U.S.-Afghan agreement: Issues to be addressed
(The views expressed in this column are the author’s own and do not represent those of Reuters)
The draft strategic partnership agreement between the U.S. and Kabul to address their relationship after the completion of the International Security Assistance Force (ISAF) withdrawal in 2014 has been arrived at after negotiations. The draft addresses the issues for ten years beyond 2014. A scrutiny of Afghan forces and the challenges they face highlights issues that merit inclusion in the agreement.
Currently, the ISAF has six regional commands including Kabul. These are the nerve centres from where operations are planned and conducted in respective regions. The ISAF needs to continue manning some of these headquarters, jointly with the Afghans, even after tactical operations are undertaken exclusively by Afghan forces. The headquarters located to oversee areas along the borders with Pakistan are more critical. Other headquarters may be downsized, or suitably merged and manned by Afghans alone. ISAF needs to also cater for adequate force levels being retained at critical headquarters to be able to decisively intervene should an adverse situation develop.
Afghans are divided along ethnic lines. Militaries have to owe allegiance to the central state authority. Afghan military leadership has not evolved from the rungs of professional soldiers. It accommodates political appointees. Further, Afghans are being trained by various armies thus injecting different cultures, tactics and drills. The price is paid in the area of cohesion. Americans will have to ensure that a professional officer cadre is raised in the years ahead and the armed forces emerge as a homogenous entity.
Recruitment and training of Afghan armed forces and police forces has picked up pace, however, the army has comparatively fewer Pushtuns who are otherwise the predominant ethnic segment. Afghan armed forces have to be more ethnically inclusive. Needless to say, the training of Afghan forces will have to be undertaken beyond 2014. The foremost necessity in counter insurgency operations is hard, actionable and timely intelligence. A weakening of the intelligence grid is also inevitably witnessed when troops operating in an area are relieved by new contingents. The human intelligence sources are sceptical till such time as they develop faith in their new handlers. Technical intelligence gathering, collation and analysis require properly trained personnel. With educational levels rather low even in the officer cadre, trainability is a major hurdle. This is one area that will require liberal provisioning of ISAF/U.S. manpower.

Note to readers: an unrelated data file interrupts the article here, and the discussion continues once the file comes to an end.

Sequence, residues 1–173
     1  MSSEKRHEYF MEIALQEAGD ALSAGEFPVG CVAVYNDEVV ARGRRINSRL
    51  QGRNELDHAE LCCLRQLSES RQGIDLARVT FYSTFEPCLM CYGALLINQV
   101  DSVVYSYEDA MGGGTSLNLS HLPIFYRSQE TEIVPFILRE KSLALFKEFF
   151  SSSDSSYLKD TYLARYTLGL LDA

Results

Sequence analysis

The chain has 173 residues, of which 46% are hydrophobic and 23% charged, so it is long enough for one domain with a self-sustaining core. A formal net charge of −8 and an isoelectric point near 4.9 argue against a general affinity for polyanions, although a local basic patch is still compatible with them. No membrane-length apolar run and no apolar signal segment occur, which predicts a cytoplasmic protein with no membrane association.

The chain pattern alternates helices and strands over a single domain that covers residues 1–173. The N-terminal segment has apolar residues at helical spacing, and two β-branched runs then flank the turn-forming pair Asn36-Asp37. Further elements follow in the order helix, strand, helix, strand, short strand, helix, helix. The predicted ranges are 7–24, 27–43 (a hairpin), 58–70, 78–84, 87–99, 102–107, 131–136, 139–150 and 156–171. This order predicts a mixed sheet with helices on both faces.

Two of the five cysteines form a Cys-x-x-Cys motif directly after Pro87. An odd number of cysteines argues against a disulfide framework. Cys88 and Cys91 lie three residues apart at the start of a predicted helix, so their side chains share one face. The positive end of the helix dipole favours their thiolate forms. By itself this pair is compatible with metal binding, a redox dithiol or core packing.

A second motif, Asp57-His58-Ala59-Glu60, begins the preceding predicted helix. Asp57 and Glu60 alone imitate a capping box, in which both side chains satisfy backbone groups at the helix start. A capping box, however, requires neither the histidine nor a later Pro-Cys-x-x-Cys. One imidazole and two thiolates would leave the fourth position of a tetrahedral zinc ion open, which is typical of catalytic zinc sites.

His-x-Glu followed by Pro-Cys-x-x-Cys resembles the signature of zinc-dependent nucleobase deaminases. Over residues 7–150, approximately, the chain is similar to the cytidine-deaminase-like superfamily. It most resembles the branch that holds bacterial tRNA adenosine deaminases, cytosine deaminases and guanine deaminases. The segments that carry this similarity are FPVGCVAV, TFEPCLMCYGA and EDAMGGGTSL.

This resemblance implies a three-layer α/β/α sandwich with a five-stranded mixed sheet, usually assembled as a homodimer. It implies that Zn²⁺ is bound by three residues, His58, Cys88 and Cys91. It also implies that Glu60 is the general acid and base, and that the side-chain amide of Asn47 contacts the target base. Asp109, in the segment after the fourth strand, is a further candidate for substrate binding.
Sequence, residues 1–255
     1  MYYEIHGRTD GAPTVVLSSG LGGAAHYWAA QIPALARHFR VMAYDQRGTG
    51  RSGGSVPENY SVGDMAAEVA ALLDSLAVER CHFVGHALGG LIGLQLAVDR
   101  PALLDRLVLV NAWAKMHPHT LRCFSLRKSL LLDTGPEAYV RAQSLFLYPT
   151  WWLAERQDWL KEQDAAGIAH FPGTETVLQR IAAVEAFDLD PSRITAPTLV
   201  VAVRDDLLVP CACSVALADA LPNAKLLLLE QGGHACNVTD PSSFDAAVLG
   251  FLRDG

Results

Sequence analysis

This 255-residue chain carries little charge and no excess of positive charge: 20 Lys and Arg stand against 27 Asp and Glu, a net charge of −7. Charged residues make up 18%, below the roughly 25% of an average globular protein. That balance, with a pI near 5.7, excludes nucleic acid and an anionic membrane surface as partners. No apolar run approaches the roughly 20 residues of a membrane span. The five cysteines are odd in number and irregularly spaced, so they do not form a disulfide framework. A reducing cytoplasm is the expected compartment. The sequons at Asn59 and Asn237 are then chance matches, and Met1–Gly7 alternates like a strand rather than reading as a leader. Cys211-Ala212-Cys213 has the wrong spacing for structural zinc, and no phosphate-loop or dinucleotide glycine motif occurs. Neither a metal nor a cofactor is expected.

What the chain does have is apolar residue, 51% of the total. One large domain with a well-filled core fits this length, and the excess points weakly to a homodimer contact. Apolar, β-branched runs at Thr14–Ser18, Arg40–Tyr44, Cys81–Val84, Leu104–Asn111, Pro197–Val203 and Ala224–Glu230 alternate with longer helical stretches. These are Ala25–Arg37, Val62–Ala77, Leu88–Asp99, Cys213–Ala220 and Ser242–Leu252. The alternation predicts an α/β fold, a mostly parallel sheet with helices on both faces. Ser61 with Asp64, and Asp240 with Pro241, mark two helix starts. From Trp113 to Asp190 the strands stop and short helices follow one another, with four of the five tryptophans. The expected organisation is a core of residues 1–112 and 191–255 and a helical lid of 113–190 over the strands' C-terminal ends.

Rampant corruption afflicts the Afghan armed forces’ logistics supply chain. It derogatorily affects the trust that the Afghan military leadership commands among its rank and file. Americans will have to insist on greater accountability.
Though Afghan Special Forces are being trained, the Americans have to retain Special Forces for high value targets and complex operations, before the Afghans can master the complexity of coordination and precision that such operations entail. The Afghan National Air Force is a far cry from the quality of support that ISAF can provide. Air assets would also need to remain and play a vital role in keeping Kabul stable. Logistics, equipment maintenance and replacements are equally imperative to retain the combat potential of Afghan formations and units.
The standards of the Afghan National Police Force are as yet well below par, thus entailing the use of the armed forces where the police should have been adequate. Police forces have to be strengthened to free the armed forces for counterinsurgency operations.